GERRY Adams has said he hopes Jeremy Corbyn will become the next Prime Minister, as he spoke of his “outstanding” political abilities.

The outgoing Sinn Fein president also praised the Labour leader and his allies for meeting with Irish republicans during the Troubles when most UK politicians would not.

“Well, I would like to see Jeremy in that position for the benefit of people in Britain, leaving Ireland out of it,” he told the BBC’s Andrew Marr Show.

“I think Jeremy is an outstanding politician, I hope my endorsement of him isn’t used against him in the time ahead, but yes, he and Ken Livingstone and others kept faith and they were the people who said, when others said no, talk.

“They were the people who were open to conversation about how to deal with conflict and how to get a conflict resolution process, but let’s not pre-empt the next general election.”

The former MP, who now sits in the Dail, the Irish Parliament in Dublin, also hit out at the UK Government over its approach to Brexit, which he said would be “disastrous” for Ireland.

“The British government are not at all clear about what their future relationship with the European Union is going to be,” he added.

“They’re arguing that they’re going to leave the customs union and single market and that will end up a complete disaster for people here on the island of Ireland.”

Adams also named Tony Blair as the most significant British player in the Northern Ireland peace process, but added that he later warned the former Labour Prime Minister against invading Iraq.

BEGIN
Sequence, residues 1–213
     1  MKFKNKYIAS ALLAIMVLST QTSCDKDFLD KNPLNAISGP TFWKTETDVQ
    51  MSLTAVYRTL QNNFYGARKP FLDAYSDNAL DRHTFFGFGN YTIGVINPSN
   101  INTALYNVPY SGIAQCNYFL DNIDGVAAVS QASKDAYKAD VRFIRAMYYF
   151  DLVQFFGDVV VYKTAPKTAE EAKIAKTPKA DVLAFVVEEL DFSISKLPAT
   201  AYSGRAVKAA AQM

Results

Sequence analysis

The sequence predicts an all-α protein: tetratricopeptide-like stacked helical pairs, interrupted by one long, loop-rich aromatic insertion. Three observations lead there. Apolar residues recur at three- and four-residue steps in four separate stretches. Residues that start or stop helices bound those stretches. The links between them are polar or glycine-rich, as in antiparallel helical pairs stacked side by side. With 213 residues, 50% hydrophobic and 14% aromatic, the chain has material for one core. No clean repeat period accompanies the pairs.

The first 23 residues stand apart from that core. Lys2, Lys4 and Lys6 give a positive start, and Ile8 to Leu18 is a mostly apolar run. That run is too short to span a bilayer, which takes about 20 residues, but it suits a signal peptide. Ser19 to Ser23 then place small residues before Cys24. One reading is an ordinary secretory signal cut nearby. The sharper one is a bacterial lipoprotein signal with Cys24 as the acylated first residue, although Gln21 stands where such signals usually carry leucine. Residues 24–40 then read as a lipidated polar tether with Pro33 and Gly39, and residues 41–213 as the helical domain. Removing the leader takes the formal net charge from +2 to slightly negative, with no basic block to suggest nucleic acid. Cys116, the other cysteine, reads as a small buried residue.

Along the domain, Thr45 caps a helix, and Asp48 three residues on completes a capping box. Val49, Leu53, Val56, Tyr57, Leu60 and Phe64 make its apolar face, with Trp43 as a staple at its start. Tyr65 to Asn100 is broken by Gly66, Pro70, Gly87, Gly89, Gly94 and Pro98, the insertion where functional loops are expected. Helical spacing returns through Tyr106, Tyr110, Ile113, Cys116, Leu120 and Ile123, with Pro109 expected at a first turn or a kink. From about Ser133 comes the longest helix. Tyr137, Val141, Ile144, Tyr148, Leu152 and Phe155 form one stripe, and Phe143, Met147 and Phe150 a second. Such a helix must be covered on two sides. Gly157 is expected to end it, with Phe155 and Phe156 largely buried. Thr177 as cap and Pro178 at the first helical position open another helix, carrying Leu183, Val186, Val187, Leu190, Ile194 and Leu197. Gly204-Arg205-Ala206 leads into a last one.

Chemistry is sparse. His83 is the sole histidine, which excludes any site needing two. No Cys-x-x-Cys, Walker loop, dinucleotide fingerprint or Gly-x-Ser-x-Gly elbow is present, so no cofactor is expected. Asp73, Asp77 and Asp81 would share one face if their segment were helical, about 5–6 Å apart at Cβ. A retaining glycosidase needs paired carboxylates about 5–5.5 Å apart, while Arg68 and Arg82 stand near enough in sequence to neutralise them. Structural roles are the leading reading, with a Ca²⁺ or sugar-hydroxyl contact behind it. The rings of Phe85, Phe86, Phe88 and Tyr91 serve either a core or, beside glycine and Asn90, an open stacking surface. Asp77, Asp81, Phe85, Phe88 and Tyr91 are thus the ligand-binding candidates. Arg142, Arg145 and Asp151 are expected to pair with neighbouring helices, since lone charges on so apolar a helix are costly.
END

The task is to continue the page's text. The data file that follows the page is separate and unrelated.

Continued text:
He said: “We actually, myself and Martin [McGuinness] actually warned him about not getting involved in Iraq. We said look at the Irish experience, don’t go in there.”

Meanwhile, in a major speech tonight Richard Leonard will say that the Scottish Government should focus on increasing Scotland’s productivity to face the economic challenges of Brexit.

It what has been described by one newspaper yesterday as a “Brexit acceptance speech”, the Scottish Labour leader will addresses the David Hume Institute in Edinburgh this evening.

As part of a series of leaders’ speeches, all looking at the future for Scotland in the aftermath of Brexit, Leonard will focus on how the Scottish Government could use the powers of the Parliament to increase productivity and create a high skilled, high wage economy.

He will say that tackling low productivity rate is essential to producing a high wage economy, and that post-Brexit, the SNP cannot use EU regulations as a “fig leaf” to stop government procurement being used to drive up employment standards.

He is expected to say: “According to the Scottish Government’s worst-case scenario analysis, a fall in migration by 2030 will account for a 2.5 per cent decrease in Scotland’s income. But in that very same analysis, productivity will account for a 5.8 per cent reduction in our GDP.

“With the Scottish Government finding that the fall in income overwhelmingly comes from a decline in productivity, perhaps Brexit should inject some added urgency to the longstanding need to tackle the long term problem of Scotland’s productivity gap.

“Increasing the level of productivity is the key to achieving sustainable economic development, to raising incomes and to creating better quality employment. The Scottish Government should take a more active approach to improving Scotland’s productivity problem by fully utilising the £11 billion lever that is public procurement.”

Leonard is coming under pressure within his party to back single market membership with Labour MP Ian Murray last week saying Labour’s idea of a “jobs first Brexit” is a contradiction in terms.